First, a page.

I stay awake some nights thinking about how exciting it would be to get accepted to these schools. It will be a true test to me of my personal development. I mean, I could be interning at some institution like the World Bank or the State Department next year!
In the back of my mind, I am dying to work on the two business ideas I have, the book idea I am trying to expand upon, and an artistic mini-idea I want to make public. I need to get at least the business ideas out soon before someone else figures them out. It makes me antsy and anxious.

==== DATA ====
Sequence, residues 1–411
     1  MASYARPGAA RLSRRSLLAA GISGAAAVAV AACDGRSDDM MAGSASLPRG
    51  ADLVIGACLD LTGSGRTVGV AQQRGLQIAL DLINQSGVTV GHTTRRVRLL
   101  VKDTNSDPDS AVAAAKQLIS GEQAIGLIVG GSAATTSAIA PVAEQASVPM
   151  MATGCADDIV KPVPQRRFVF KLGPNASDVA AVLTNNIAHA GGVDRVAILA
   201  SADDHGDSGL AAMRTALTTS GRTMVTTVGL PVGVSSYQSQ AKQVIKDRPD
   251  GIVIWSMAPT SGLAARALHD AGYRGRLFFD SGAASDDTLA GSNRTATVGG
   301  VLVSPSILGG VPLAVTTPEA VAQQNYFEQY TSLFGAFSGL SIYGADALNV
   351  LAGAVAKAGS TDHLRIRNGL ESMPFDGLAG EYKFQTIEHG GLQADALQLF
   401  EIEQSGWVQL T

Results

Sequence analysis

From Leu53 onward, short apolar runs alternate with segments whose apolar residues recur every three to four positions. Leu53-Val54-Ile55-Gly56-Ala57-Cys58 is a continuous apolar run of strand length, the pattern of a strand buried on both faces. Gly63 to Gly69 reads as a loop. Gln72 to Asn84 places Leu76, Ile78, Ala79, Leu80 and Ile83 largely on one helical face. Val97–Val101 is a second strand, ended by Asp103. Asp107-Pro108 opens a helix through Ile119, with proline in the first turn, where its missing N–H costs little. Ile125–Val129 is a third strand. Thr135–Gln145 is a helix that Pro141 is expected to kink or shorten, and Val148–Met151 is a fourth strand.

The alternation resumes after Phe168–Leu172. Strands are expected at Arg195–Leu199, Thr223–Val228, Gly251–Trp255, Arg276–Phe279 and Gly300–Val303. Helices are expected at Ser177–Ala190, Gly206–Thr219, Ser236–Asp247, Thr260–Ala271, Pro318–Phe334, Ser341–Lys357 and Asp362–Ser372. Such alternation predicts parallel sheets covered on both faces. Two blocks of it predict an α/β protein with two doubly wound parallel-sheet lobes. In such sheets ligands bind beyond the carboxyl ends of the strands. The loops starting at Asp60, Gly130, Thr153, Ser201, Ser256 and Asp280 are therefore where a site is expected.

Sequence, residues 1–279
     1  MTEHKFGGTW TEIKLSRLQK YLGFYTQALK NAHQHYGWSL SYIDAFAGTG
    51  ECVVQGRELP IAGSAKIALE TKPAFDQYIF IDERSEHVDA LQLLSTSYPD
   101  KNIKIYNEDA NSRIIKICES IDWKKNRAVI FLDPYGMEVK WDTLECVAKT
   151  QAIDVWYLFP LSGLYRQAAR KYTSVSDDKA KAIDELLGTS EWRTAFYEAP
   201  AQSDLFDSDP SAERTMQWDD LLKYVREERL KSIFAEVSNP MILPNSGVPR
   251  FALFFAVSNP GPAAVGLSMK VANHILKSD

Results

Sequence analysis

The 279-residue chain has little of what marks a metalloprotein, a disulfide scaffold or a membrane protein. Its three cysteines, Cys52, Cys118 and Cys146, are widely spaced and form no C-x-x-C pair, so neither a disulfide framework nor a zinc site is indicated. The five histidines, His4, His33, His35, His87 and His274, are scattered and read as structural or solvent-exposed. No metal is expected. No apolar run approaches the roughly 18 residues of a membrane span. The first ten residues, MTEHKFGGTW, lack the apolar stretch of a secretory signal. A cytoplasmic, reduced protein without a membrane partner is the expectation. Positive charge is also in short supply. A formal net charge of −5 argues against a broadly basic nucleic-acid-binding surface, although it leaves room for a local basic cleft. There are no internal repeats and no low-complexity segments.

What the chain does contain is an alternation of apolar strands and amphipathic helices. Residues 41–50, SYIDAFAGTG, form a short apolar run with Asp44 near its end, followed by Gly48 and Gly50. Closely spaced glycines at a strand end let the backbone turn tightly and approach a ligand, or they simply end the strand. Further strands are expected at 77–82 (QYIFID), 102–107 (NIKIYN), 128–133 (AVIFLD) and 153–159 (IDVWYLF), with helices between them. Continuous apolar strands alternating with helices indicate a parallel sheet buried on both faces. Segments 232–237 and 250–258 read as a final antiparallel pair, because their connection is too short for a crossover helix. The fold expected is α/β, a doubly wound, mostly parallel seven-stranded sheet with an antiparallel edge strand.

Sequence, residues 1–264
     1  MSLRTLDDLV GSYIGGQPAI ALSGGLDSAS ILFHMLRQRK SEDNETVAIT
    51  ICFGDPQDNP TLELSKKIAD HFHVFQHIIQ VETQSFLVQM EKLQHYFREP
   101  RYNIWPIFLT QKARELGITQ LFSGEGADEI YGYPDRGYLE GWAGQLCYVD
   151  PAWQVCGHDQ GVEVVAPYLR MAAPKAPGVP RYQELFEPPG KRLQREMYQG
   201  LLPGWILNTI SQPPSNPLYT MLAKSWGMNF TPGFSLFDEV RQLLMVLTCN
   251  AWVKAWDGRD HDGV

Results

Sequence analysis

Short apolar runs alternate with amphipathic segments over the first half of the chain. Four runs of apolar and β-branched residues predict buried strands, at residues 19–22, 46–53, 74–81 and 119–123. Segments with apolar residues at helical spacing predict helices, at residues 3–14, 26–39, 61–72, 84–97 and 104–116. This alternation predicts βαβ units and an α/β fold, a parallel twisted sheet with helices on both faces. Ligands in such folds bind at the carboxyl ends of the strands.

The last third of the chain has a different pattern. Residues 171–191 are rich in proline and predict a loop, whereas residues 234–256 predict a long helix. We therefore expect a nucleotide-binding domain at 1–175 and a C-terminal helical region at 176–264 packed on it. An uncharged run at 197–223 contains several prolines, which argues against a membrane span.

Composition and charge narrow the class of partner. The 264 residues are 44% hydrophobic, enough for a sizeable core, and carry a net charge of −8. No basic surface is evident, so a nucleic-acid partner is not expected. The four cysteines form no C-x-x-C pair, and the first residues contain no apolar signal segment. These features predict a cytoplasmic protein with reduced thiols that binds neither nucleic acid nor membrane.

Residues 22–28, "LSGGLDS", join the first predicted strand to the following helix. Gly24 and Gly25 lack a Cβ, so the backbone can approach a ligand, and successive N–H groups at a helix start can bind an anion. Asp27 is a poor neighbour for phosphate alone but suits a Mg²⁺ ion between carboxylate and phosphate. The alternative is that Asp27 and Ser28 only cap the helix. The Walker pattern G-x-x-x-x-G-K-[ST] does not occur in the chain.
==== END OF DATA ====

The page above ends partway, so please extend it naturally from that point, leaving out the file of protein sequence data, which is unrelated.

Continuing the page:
This may all be facilitated by my attempts to convince my bosses that I stay on rear detachment during my unit’s next deployment. Everyone seems receptive to it, knowing I’m getting out soon and thinking it pointless to send me over, especially when I can actually run some ops from here once my clearance is sorted out. That said, it still is pending my sergeant chain of command’s decision. So we’ll see, soon.